In the November 2009 SDK we included an official storage client library. As an improvement over the StorageClient sample we previously shipped, the new official library supports a connection string format for easy single-value configuration of storage endpoints and account information. We tried to mimic the general format of a SQL connection string; the format is a series of name=value pairs separated by semicolons.
There are three general formats for the connection string, so let’s go over each in detail.
There are only two options you can specify here. The first is self-explanatory: UseDevelopmentStorage. The only valid value for this is true – if it was false you wouldn’t have used it.
The second option is more interesting. Let’s say you’re running into an error that you don’t quite understand and you can’t get enough information from the debugger to figure out what’s going wrong. You could use Fiddler to examine the HTTP requests as they go back and forth to the development storage, but Fiddler doesn’t work when you connect to 220.127.116.11. Enter the second development storage setting: DevelopmentStorageProxyUri! Instead of the regular 127.0.0.1 the host of the Uri you specify in this setting gets used for all accesses to the development storage. Set it to http://ipv4.fiddler and presto – development storage access shows up in Fiddler!
Unfortunately there is an issue with the Fiddler support for blobs and queues returned from listing. Fiddler translates the ipv4.fiddler into 127.0.0.1 before sending the request to the development storage, the absolute Uris returned in response use 127.0.0.1 as the host instead of ipv4.fiddler. Since we don’t modify these Uris when creating objects in the November 2009 version of the storage client, operations performed on them won’t tunnel through Fiddler.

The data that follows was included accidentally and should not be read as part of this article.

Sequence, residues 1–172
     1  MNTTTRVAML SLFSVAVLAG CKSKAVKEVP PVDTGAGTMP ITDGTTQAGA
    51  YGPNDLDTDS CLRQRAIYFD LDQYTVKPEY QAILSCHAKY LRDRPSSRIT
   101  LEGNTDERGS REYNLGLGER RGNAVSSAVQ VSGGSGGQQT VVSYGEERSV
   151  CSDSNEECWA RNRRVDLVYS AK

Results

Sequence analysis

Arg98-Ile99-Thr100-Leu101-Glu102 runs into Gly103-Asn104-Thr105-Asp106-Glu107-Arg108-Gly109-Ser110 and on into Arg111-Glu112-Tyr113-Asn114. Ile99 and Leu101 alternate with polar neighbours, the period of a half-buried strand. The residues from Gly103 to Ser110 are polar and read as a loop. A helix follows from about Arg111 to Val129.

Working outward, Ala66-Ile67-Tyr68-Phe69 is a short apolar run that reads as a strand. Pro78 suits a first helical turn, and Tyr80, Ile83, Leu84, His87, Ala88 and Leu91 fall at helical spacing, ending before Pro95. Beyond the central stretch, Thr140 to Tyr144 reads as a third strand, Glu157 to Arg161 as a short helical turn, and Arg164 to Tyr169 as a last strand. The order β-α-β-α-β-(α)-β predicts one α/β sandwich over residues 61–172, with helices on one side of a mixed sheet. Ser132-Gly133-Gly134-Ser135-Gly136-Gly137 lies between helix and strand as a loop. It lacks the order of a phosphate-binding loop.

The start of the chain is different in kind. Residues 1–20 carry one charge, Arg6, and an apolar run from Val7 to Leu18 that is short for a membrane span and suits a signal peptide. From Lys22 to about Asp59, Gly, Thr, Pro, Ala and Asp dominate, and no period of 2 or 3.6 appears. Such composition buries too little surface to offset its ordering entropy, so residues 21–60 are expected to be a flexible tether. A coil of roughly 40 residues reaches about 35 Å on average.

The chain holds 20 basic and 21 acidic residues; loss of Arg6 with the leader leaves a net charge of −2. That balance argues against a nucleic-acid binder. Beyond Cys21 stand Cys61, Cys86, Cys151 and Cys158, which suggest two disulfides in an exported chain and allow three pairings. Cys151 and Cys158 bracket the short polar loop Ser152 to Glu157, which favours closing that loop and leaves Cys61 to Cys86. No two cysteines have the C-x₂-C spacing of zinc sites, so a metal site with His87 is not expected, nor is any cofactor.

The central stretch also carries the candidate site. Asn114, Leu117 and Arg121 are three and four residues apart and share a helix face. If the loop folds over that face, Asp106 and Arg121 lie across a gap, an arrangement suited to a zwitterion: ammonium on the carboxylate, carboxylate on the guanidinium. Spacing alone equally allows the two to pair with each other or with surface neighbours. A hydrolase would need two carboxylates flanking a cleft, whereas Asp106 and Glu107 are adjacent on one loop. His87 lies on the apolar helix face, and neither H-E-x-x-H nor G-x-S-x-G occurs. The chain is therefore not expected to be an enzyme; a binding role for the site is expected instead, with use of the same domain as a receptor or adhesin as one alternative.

If that didn’t make any sense, fire up Fiddler and step through this code in the debugger:
var account = CloudStorageAccount.Parse("UseDevelopmentStorage=true;DevelopmentStorageProxyUri=http://ipv4.fiddler");
var blobClient = account.CreateCloudBlobClient();
var queueClient = account.CreateCloudQueueClient();
var container = blobClient.GetContainerReference("testcontainer");
var blob = container.GetBlobReference("testblob");
var queue = queueClient.GetQueueReference("testqueue");
// these create requests should show up in Fiddler
blob.UploadText("some blob content");
// these list operations should show up too
var blobFromList = (from c in container.ListBlobs() select c).Cast<CloudBlob>().First();
var queueFromList = (from q in queueClient.ListQueues() select q).First();
// but these requests should not show up in Fiddler
If you take a look at blobFromList.Uri you’ll see that the host is 127.0.0.1 instead of ipv4.fiddler. You can work around this if you need to by fixing up the Uri yourself and creating a new CloudBlob object.
This is the vanilla development storage connection string. Nothing too exciting, but gets the job done.
This one is perfect for routing development storage traffic through Fiddler for debugging. Make sure you have Fiddler running before you use this one or it won’t be able to connect!
Connecting to Windows Azure Storage in the cloud is a snap with connection strings. The three settings you need to specify are AccountName, AccountKey and DefaultEndpointsProtocol. AccountName is the name of your storage account and AccountKey is the key that’s provided to you on the developer portal. DefaultEndpointsProtocol can be set to either http or https and chooses which protocol to use.
Here’s a simple example of a connection string for Windows Azure Storage in the cloud. Just replace azurestorage with your account name and base64key with the key displayed on the developer portal and you’re ready to go.
The connection string format also supports an advanced specification of all three endpoints as well as credential information such as a SAS signature for blob storage. You can use the BlobEndpoint, QueueEndpoint and TableEndpoint settings to set the endpoints to use for those services. You can also leave out endpoints for services you’re not using, but you’re required to specify at least one endpoint. It wouldn’t make a lot of sense to have account information without any endpoints to connect to. SAS signatures are specified with the SharedAccessSignature setting.
The only time you need to use connection strings of this form is for using the storage client with SAS credentials or for testing purposes, such as testing custom domains or proxies.
This last example shows how to explicitly specify an endpoint as well as use the SharedAccessSignature setting to configure the CloudStorageAccount class to create a StorageCredentialsSharedAccessSignature for you.